NPR logo
Malaysia Gives Buskers A Stage Of Their Own
  • Download
  • <iframe src="https://www.npr.org/player/embed/459776622/460166894" width="100%" height="290" frameborder="0" scrolling="no" title="NPR embedded audio player">
  • Transcript
Malaysia Gives Buskers A Stage Of Their Own

Postcards

Malaysia Gives Buskers A Stage Of Their Own

Malaysia Gives Buskers A Stage Of Their Own
  • Download
  • <iframe src="https://www.npr.org/player/embed/459776622/460166894" width="100%" height="290" frameborder="0" scrolling="no" title="NPR embedded audio player">
  • Transcript
Ali Hakim performs in the main train station under Kuala Lumpur's most famous landmark, the Petronas Twin Towers. Malaysia's Tourism Ministry now provides support for buskers. i

Ali Hakim performs in the main train station under Kuala Lumpur's most famous landmark, the Petronas Twin Towers. Malaysia's Tourism Ministry now provides support for buskers. Elise Hu/NPR hide caption

toggle caption Elise Hu/NPR
Ali Hakim performs in the main train station under Kuala Lumpur's most famous landmark, the Petronas Twin Towers. Malaysia's Tourism Ministry now provides support for buskers.

Ali Hakim performs in the main train station under Kuala Lumpur's most famous landmark, the Petronas Twin Towers. Malaysia's Tourism Ministry now provides support for buskers.

Elise Hu/NPR

Street performers weren't always welcome in Malaysia, but now the government is part of an effort that's literally providing them a stage on which to perform.

Most days, buskers perform in the main train station under Kuala Lumpur's famous Petronas Twin Towers, the pair of skyscrapers that define the city's skyline.

"We're all traveling around. And if we find a spot anywhere, in any country, then we do busking," says Ali Hakim. He's part of a pair of singers we found at the station. They play his native Malay music and covers of more familiar tunes.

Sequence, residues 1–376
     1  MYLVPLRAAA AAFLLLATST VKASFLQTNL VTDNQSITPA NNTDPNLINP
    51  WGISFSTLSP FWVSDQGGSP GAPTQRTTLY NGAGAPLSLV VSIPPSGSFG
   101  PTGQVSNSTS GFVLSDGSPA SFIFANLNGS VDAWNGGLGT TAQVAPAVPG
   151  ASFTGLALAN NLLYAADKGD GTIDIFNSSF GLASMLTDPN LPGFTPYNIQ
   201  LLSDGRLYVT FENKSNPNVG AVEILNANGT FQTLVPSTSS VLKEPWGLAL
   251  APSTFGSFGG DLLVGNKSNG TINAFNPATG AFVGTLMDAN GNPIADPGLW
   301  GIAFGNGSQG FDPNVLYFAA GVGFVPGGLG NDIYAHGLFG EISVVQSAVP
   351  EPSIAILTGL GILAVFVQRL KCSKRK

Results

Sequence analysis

"This is what we love. We love to travel. We love to play music, so we combine together, and we go," he says.

In Malaysia, buskers are no longer playing in the shadows. They even get sound equipment and a stage in a place where buskers used to skirt the police for panhandling.

The Petronas Twin Towers rise over Kuala Lumpur, Malaysia's capital. The towers are a prime tourist destination, and buskers often perform there, now with government support. i

The Petronas Twin Towers rise over Kuala Lumpur, Malaysia's capital. The towers are a prime tourist destination, and buskers often perform there, now with government support. Charles Pertwee/Bloomberg via Getty Images hide caption

toggle caption Charles Pertwee/Bloomberg via Getty Images
The Petronas Twin Towers rise over Kuala Lumpur, Malaysia's capital. The towers are a prime tourist destination, and buskers often perform there, now with government support.

The Petronas Twin Towers rise over Kuala Lumpur, Malaysia's capital. The towers are a prime tourist destination, and buskers often perform there, now with government support.

Charles Pertwee/Bloomberg via Getty Images

"The busker in the early generations, they looked like beggars, involved with drugs, and they were very independent," says Wady Hamdan.

He helped bring the street artists together when he started the Malaysia Buskers Club three years ago. Since then, the club has united the community, helped clean up their image, and it's brought on benefits for the city, including a constant stream of live entertainers at tourist hot spots.

"Of course all the tourists that come in to Malaysia, they just want to feel the lifestyle. And we can show that Malaysians are free to sing anywhere on the street," Wady says.

The busker club doesn't take a cut of the money tossed into guitar cases. And even at popular locales, like the train station, there have been enough open slots to accommodate all the performers.

The Malaysian Tourism Ministry helps support the busker group, spending money on sets, promotion and drug tests to make sure member buskers stay clean.

"They already arrange everything. So we can just play," Ali says.

The effort to legitimize busking has legitimized his work. He and his partner now make enough money from busking that they get to make music for a living.

"We didn't do any other job than this," he says.

Chan Kok Leong contributed to this story, from Kuala Lumpur.

Comments

 

Please keep your community civil. All comments must follow the NPR.org Community rules and terms of use, and will be moderated prior to posting. NPR reserves the right to use the comments we receive, in whole or in part, and to use the commenter's name and location, in any medium. See also the Terms of Use, Privacy Policy and Community FAQ.